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Victorian hospital nurses' research attitudes and activity
journal contributionposted on 1996-06-01, 00:00 authored by K Sellick, S McKinley, Mari BottiMari Botti, S Kingsland, J Behan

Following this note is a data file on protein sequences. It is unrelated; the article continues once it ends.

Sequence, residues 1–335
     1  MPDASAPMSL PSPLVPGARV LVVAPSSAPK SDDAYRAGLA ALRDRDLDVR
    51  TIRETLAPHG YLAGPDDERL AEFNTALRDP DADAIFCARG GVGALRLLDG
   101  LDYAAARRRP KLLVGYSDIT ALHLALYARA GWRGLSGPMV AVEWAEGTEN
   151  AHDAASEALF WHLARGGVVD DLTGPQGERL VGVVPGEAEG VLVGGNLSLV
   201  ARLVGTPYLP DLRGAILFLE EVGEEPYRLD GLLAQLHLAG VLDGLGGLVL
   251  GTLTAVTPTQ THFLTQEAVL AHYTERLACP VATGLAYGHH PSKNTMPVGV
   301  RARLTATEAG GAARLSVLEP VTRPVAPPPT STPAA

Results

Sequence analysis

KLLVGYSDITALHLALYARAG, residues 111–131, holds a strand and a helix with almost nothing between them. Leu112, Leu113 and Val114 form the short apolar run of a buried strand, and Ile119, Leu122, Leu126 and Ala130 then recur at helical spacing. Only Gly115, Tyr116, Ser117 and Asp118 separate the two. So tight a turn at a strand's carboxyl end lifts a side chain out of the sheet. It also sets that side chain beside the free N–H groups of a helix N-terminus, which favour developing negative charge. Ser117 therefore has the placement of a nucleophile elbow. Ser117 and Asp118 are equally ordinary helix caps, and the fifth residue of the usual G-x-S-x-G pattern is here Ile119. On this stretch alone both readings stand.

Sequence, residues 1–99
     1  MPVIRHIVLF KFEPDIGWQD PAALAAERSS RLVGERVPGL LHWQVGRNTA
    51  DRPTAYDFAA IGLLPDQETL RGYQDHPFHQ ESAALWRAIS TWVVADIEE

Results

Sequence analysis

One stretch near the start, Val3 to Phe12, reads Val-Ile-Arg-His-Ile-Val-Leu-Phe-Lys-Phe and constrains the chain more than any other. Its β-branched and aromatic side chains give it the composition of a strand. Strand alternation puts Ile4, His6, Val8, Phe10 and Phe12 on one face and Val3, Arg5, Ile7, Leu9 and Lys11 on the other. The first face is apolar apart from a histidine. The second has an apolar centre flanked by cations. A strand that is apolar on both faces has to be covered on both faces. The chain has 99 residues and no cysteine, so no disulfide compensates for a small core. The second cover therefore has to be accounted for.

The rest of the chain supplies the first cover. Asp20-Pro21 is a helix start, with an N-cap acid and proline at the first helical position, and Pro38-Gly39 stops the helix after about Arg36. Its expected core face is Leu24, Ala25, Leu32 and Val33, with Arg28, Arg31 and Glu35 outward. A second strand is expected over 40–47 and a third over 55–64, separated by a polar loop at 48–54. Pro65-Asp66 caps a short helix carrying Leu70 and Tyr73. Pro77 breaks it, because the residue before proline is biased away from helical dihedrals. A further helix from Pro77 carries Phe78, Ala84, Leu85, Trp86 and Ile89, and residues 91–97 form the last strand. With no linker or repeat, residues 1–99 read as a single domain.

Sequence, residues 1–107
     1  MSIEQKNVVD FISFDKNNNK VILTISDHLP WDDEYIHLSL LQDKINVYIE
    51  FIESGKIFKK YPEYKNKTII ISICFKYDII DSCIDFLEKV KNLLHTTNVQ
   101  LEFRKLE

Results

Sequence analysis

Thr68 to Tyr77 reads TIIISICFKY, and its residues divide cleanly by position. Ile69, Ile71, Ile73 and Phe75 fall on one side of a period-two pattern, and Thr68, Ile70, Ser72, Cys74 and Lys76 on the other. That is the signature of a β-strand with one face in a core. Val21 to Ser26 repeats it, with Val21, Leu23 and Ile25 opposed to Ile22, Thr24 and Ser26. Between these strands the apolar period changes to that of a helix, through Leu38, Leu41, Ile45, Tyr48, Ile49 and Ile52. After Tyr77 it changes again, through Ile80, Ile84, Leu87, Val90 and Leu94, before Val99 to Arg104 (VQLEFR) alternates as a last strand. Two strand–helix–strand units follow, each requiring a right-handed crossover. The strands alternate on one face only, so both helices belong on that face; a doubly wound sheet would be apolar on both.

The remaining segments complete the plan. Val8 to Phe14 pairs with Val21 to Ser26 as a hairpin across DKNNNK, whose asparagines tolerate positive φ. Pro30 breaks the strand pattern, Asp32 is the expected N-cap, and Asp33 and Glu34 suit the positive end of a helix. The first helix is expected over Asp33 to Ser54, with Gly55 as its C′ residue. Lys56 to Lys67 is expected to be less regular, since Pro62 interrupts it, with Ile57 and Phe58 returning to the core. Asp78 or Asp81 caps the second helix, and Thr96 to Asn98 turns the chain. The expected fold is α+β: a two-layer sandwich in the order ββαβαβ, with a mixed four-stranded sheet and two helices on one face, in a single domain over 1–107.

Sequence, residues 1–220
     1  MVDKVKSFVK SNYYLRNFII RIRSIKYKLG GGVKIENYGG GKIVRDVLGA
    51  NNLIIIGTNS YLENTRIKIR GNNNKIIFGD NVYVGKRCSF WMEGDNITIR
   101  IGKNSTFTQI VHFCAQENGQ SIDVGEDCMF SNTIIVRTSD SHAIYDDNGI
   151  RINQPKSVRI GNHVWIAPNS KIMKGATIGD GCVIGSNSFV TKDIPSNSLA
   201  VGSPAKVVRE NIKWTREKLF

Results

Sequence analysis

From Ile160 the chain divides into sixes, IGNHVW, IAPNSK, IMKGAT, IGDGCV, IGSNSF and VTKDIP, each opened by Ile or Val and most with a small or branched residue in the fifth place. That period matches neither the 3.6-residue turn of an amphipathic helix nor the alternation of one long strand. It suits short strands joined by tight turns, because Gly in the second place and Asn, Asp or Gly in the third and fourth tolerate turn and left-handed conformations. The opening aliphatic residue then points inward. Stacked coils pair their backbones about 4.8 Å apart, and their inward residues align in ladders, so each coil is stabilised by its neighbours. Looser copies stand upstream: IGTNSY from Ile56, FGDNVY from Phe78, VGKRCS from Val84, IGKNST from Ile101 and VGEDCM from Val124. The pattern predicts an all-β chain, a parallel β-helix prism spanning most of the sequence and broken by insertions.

Four hundred and fiftyeight registered nurses from seven Victorian hospitals were surveyed to establish their attitudes to nursing research, their levels of research activity and whether working in a hospital with a nursing research policy influenced their attitudes and activities. The results showed that respondents had favourable attitudes to, and considerable interest in, nursing research. They made moderate estimates of their own research skills and had a modest level of research activity, and the data indicated there was potential for this to be increased. Tertiary graduates and Grade 4 and above nurses had more positive attitudes to research and were more likely to have been involved in research, and graduates also had more confidence in their research abilities than non-graduates. The existence of a hospital nursing research policy was not associated with differences in nurses' research attitudes or activities. Major impediments to conducting research were perceived to be workloads and lack of time. Providing time for research appears to be the greatest challenge to improving practice through clinical nursing research.